This Day in Norwood History- August 7

Expires at

Sat, Aug 8, 1903 – 12 · The Boston Globe (Boston, Massachusetts)

William J. Wallace of dropped dead at the Rockland house. Nantasket, shortly after 3 yesterday afternoon. The cause of his was heart failure. Mr. Wallace was a delegate to the postmasters’ convention which was held in this city and. with many brother postmasters, left at 1:20 yesterday for an outing at the beach.

On arriving at Nantasket he marched with the other postmasters to the Rockland house. He took a chair on the veranda and was seated for several minutes. Then he arose and was seen to stagger. A number of postmasters, realizing that something was wrong, went to his assistance. He had fallen to the floor of the veranda and was removed to the hotel parlors. Dr C. B. Sylvester was called but when he arrived the man had died. examiner Spooner performed an autopsy on the body last evening.

Norwood MA postmaster William j Wallace

William J. Wallace.
Postmaster at Norwood, Appointed in ’s First Term

But few persons knew of the death, and the outing committee did all in its power to keep it quiet. Not one of the women In the party knew that Mr Wallace had died and the hotel guests were entirely ignorant of It.

William J. Wallace was born In Boston in December, 1833. He went to , now Norwood, in 1867. He enlisted from in 186. in Co I. 35th Mass regt. This regiment was in the and had a remarkable war .

Mr Wallace participated in 17 battles, including some of the most important engagements of the war, such as , Spottsylvania, , and the explosion at Petersburg. His regiment was also in the closing scenes of the war, including the surrender of Lee.

Mr. Wallace was taken prisoner In October, 1864 by the rebels, and was in prison five months. His imprisonment did him more injury than all his other service. Though he was in some sharp fighting, he was never wounded. He was mustered out of service in June, 1865. He then returned to South Dedham where he engaged in the trade of a cabinetmaker. He was employed later in the .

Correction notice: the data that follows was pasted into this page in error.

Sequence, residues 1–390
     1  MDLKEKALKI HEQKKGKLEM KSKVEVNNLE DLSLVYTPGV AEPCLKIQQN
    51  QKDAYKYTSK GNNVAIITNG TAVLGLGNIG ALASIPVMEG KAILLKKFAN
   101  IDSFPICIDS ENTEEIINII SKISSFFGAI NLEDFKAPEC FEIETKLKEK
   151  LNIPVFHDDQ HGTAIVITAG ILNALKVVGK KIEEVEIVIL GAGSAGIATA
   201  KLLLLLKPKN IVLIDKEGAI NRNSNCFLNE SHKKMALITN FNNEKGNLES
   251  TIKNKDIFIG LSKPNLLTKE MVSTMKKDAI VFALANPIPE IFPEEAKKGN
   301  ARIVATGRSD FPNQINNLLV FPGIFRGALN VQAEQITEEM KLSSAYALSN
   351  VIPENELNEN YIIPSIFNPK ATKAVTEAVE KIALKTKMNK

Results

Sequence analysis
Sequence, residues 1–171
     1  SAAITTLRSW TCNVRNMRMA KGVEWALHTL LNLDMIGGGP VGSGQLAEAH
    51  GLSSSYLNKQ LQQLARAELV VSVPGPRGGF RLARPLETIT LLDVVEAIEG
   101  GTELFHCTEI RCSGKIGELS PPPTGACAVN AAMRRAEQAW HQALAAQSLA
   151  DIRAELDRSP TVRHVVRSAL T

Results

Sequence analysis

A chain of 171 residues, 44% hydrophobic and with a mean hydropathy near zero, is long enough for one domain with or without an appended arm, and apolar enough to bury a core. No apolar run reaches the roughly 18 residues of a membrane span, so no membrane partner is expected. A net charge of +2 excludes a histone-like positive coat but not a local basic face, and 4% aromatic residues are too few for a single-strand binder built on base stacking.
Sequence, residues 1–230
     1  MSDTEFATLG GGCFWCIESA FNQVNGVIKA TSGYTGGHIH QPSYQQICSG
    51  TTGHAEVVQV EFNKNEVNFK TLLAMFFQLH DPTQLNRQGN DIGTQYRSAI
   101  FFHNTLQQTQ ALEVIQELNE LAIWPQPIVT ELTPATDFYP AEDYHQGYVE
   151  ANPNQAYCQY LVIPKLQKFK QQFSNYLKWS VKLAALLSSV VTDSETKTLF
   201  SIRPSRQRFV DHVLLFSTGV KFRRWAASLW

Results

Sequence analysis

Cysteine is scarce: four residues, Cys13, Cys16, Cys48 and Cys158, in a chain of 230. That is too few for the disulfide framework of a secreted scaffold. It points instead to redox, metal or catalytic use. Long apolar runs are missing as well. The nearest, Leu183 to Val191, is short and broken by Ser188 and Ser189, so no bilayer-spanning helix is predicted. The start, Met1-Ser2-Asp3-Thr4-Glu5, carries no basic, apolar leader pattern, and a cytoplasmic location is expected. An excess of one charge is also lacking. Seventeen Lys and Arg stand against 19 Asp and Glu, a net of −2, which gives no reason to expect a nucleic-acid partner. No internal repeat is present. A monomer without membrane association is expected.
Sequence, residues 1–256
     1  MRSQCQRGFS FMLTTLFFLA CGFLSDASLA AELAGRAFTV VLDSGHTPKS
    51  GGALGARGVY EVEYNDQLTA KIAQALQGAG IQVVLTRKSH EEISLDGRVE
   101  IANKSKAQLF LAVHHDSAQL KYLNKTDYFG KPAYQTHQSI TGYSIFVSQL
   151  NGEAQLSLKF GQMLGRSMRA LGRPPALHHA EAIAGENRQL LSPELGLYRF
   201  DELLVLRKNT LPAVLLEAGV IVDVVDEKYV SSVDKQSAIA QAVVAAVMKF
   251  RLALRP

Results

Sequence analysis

In 1879-80 he served in the as representative. He was a Democrat in politics and supported several strong measures on labor issues while in office. He was appointed postmaster at Norwood, then a fourth-class office, by President Cleveland during his first administration, and had held the office ever since. Had he lived until next April he would have completed 19 years of service.

During his administration as postmaster, the office has risen to be a of the second class, and largely through his efforts, free delivery and the letter carrier system was established some three years ago. He has been a popular man with all classes and with people of all parties and would probably have held office for many years, as there was no one apparently who thought of making a contest for his place.

Mr. Wallace was for 30 years a member of the and was for a number of years its chief. While he held that position two of the most disastrous fires in the history of the town happened, the burning of the Universalist and of the Norwood car shops.

Assistant Foreman William J Wallace was a well-known South Dedham and later Norwood Firefighter. Photo courtesy of Michael Chisholm and the Norwood Department.

Mr. Wallace was a member of lodge 50. I. O. O. F.. and was a member of 169, G. A R.

He was a lifelong Democrat, and before he became postmaster was an active worker in politics. He leaves a wife, one son. of Norwood, and four daughters, two of whom, Mrs. Thomas O. Metcalf and Mrs. , live In Norwood.

The will probably take place Monday, at the at Norwood.

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